Iron in ancient deep magma ocean probed by ultra-fast femtosecond X-ray lasers
In new experiments, scientists explored the electronic structure of iron atoms under extreme conditions to better understand key developments during Earth's first few hundred million years, like the formation of its metal-rich core and silicate-rich mantle.
When the Earth was completing its formation approximately 4.5 billion years ago, it was enveloped in a global ocean of molten magma, extending hundreds to thousands of kilometers beneath its surface due to violent impacts. This early environment bore little resemblance to the habitable conditions we experience on Earth today. Nonetheless, these initial few hundred million years were crucial in shaping our planet's fundamental chemical and physical structures as we know them today. Key developments during this period included the formation of Earth's metal-rich core and silicate-rich mantle.
In the present-day Earth's mantle, recent seismic imaging studies have unveiled large mountain- to continent-sized enigmatic structures in the lowermost mantle. While the origin of these structures has been debated for over a decade, numerous models propose that these dense structures at the bottom of the mantle may be the last vestiges of the ancient global magma ocean.
A critical experimental observation supporting these models is that iron tends to concentrate more in the magma than the crystals at high pressures relevant to the lowermost mantle. This phenomenon renders the magma denser than the crystallized rocky layer, the mantle, during the late stages of mantle solidification, causing it to sink. Yet, a fundamental question persists: Why does iron preferentially dissolve into the magma rather than the crystals?
Many have postulated that the electronic structure of iron atoms may hold the key to this question. However, probing the electronic structure of iron atoms under such extreme conditions presents formidable challenges.
In pursuit of answers, an international team of scientists including ASU team members conducted experiments by subjecting silicate magma to pressures exceeding 1 million bars and temperatures of 7,000 degrees Fahrenheit using high-power laser beams. The results of their findings were recently published in Science Advances, with ASU School of Earth and Space Exploration geoscientist and Professor Dan Shim as lead author.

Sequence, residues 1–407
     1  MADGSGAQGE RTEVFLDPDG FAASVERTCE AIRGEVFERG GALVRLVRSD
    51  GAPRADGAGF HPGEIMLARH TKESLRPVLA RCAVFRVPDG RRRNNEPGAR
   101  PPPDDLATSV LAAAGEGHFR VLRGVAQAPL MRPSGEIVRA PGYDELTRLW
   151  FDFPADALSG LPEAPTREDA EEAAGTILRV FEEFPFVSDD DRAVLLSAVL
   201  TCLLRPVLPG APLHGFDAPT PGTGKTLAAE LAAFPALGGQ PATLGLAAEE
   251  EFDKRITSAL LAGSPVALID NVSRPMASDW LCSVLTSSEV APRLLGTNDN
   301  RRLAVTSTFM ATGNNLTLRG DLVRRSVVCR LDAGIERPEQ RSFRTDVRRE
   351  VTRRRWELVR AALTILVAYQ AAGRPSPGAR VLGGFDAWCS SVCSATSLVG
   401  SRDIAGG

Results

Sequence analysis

In this shock wave experiment, the sample can maintain a molten, highly compressed state for mere femtoseconds (a femtosecond is an extremely short amount of time, equivalent to one quadrillionth of a second). To investigate the electronic structure of iron atoms in silicate magma, which can only persist for such a brief time, they measured spectra from the iron atoms in the sample using ultra-fast, intense X-ray laser pulses at the Matter in Extreme Conditions (MEC) beamlines of Linac Coherent Light Source (LCLS), part of Stanford's SLAC National Accelerator Laboratory.
"Iron is the most abundant element in our planet by weight, so understanding its high pressure and temperature behavior is crucial to understanding the formation and evolution of our planet," said co-author Wendy Mao, a professor of Earth and planetary science and of photon science at Stanford University. Mao was part of the team that made ultrafast x-ray measurements at SLAC to understand how iron is behaving in a compressed, rocky liquid.
The experiments revealed that electrons in iron atoms rearrange into a configuration known as a low spin state, resulting in a denser state. This denser state is more stable for iron atoms under extreme pressures, making the magma a more favorable environment for iron atoms to be in. This atomic-scale transformation from ultra-fast experiments provides an explanation for why the magma can become denser than crystals as the magma ocean was solidifying, elucidating how the structures observed in seismic studies formed and persist in the deepest part of the mantle.
"In our experiments, we studied an event that happened 4.5 billion years ago, a super long time ago, 10^17 seconds ago. But to understand the ancient event, we used a laser-driven shock technique, which can make very high pressure for only a super tiny fraction of a second," Shim said. "The difference between the two time scales is mind-bogglingly huge (32 orders of magnitude)!"
Remarkably, these experiments also reached the pressure conditions expected to be found in super-Earth exoplanets, which are rocky planets beyond our solar system with radii one to 1.8 times greater than Earth's. The results suggest that magma densification could occur to a much larger extent in the magma oceans of super-Earths. Other studies have indicated that dense, iron-rich silicate magmas can generate dynamos at high pressures. Therefore, this study may contribute to understanding if silicate magmas in super-Earths may contribute to the generation of magnetic fields, potentially shielding the thin atmospheres of these planets from the intense radiation emitted by their host stars.
Additional authors on this study include Ariana Gleason and Roberto Alonso-Mori at Stanford, Guillaume Morard at the University of Grenoble Alpes, and Alessandra Ravasio at the Laboratoire d'Utilisation des Lasers Intenses (LULI). The work was supported by the NSF CSEDI Program and NASA Exoplanet Program.
This story was adapted from a press release issued by Arizona State University.
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